EDITOR'S CHOICE IN VIROLOGY
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N.C. Elde et al., “Poxviruses deploy genomic accordions to adapt rapidly against host antiviral defenses,” Cell, 150:831-41, 2012.
Double-stranded DNA viruses, such as poxviruses, were thought to mutate slowly despite keeping pace with rapidly shifting host defenses. Now, Harmit Malik at the Fred Hutchinson Cancer Research Center and colleagues have found that poxviruses expand their genome—making duplicate copies of genes—which allows more beneficial mutations to arise and hastens adaptive viral offensives.
The war zone
Nels Elde, at the time a postdoc in Malik’s lab, grew vaccinia virus in unfavorable conditions, namely in human cells that produced a viral inhibitor named protein kinase R (PKR). Although vaccinia virus carries a gene for one version of a PKR antagonist called K3L—a protein that usually undermines the inhibitory action of the kinase—this version was poorly adapted to the PKR in Elde’s cells. “We just asked the virus, ‘What do you do, how do you solve that puzzle?’” says Elde, now an assistant professor at the University of Utah.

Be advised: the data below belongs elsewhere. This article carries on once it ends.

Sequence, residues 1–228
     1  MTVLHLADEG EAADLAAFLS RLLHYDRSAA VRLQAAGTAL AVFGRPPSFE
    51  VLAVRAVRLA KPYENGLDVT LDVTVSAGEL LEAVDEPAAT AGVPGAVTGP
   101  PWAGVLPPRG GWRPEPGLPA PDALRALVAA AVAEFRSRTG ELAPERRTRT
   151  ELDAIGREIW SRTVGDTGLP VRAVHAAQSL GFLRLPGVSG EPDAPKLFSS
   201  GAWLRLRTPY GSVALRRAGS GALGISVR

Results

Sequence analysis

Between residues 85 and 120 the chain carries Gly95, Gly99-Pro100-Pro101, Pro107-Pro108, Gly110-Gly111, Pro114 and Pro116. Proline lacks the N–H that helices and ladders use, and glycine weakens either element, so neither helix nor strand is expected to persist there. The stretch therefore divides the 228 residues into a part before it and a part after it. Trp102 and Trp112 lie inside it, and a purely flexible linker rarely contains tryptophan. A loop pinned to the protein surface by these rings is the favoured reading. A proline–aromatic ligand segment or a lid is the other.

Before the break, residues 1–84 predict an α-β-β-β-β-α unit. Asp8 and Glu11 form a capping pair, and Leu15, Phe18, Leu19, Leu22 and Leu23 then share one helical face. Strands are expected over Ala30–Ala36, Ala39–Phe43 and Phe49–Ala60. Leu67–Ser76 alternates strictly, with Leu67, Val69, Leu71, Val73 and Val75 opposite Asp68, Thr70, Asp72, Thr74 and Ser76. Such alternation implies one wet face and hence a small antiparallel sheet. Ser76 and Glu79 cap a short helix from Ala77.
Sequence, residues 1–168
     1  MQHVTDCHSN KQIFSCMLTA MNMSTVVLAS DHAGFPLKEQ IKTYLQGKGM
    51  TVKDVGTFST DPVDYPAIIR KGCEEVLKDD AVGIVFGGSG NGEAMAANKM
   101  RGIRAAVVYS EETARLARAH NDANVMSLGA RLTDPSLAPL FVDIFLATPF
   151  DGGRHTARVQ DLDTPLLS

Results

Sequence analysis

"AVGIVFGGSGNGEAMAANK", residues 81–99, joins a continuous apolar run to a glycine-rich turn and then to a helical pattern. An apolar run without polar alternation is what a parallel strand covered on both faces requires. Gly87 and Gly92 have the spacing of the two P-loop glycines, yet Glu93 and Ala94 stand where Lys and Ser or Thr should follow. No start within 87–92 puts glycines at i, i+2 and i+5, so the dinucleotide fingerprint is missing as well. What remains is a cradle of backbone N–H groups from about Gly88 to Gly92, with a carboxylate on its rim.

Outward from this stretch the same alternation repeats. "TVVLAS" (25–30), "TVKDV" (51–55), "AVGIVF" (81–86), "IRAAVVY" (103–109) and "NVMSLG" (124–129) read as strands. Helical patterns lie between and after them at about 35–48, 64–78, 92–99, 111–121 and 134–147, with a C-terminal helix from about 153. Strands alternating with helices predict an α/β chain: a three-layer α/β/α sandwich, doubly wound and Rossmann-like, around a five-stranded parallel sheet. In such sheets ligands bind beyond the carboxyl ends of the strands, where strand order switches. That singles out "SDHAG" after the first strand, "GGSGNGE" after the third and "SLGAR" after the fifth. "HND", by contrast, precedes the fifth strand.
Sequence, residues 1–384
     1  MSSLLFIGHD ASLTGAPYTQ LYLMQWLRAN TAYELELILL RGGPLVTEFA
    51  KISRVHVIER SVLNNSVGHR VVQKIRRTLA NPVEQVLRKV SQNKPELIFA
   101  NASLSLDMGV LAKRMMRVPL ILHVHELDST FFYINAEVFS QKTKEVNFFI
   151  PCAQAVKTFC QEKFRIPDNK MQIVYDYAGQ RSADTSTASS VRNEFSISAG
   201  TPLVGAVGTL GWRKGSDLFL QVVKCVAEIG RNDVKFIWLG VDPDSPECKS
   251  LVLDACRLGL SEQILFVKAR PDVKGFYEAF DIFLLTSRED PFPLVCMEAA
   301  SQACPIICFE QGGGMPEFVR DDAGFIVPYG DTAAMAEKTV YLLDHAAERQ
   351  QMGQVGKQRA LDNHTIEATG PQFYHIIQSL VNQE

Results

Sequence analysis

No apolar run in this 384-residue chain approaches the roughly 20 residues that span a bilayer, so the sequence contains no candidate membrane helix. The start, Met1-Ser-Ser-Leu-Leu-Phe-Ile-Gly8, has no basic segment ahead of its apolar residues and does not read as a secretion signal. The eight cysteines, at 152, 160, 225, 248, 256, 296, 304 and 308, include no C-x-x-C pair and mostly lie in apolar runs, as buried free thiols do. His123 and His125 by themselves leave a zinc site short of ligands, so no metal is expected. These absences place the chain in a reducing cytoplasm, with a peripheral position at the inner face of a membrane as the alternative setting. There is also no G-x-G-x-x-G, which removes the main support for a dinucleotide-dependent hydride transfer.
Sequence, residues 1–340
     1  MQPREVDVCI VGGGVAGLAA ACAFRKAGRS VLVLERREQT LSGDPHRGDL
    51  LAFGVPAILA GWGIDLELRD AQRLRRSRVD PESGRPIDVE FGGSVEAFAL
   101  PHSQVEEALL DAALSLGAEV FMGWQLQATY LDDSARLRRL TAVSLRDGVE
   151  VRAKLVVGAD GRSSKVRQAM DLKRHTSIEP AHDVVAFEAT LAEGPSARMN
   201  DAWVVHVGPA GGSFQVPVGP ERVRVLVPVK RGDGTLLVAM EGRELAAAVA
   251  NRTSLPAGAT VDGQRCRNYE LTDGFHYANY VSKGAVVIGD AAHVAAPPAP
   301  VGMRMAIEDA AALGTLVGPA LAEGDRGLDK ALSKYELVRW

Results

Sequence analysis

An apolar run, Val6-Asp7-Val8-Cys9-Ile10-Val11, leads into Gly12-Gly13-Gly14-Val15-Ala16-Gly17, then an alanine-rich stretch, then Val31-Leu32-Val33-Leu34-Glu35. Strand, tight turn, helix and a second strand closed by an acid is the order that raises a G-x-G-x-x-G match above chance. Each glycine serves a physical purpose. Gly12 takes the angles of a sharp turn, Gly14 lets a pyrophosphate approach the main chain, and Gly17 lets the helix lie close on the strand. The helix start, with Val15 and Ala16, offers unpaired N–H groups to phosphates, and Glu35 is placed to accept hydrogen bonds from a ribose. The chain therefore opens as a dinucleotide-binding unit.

After several poor passages in the unfavorable cell line, the poxvirus’s replication picked up. The team sequenced the viral genome, finding it up to 7–10 percent larger, with a spike in number of gene copies that encode K3L—and a helpful point mutation in some copies. When they subsequently grew the adapted virus in a hamster cell line—in which viral K3L functions effectively—the genome shrank again.
This could be the end of a theoretical battle, says University of California, Davis, microbiologist John Roth, who was not involved in the study. Instead of the old theory that organisms might speed up mutation rates, this suggests “they exploit this natural system to get enough targets at the same old mutation rate,” he says.